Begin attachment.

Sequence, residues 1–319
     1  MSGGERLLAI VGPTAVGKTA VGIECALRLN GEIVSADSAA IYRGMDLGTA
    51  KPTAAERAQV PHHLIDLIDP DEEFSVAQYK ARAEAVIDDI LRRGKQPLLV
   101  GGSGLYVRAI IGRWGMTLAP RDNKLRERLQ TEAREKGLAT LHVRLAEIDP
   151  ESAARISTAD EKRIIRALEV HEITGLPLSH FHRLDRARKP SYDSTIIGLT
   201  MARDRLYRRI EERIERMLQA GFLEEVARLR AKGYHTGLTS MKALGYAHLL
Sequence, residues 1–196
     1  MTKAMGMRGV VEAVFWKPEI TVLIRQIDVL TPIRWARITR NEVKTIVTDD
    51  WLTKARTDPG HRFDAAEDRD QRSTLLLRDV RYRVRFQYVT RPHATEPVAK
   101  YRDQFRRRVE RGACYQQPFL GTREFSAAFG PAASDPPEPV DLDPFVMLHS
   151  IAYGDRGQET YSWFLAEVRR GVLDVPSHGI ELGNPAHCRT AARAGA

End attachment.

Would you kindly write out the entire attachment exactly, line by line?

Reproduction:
Sequence, residues 1–319
     1  MSGGERLLAI VGPTAVGKTA VGIECALRLN GEIVSADSAA IYRGMDLGTA
    51  KPTAAERAQV PHHLIDLIDP DEEFSVAQYK ARAEAVIDDI LRRGKQPLLV
   101  GGSGLYVRAI IGRWGMTLAP RDNKLRERLQ TEAREKGLAT LHVRLAEIDP
   151  ESAARISTAD EKRIIRALEV HEITGLPLSH FHRLDRARKP SYDSTIIGLT
   201  MARDRLYRRI EERIERMLQA GFLEEVARLR AKGYHTGLTS MKALGYAHLL
Sequence, residues 1–196
     1  MTKAMGMRGV VEAVFWKPEI TVLIRQIDVL TPIRWARITR NEVKTIVTDD
    51  WLTKARTDPG HRFDAAEDRD QRSTLLLRDV RYRVRFQYVT RPHATEPVAK
   101  YRDQFRRRVE RGACYQQPFL GTREFSAAFG PAASDPPEPV DLDPFVMLHS
   151  IAYGDRGQET YSWFLAEVRR GVLDVPSHGI ELGNPAHCRT AARAGA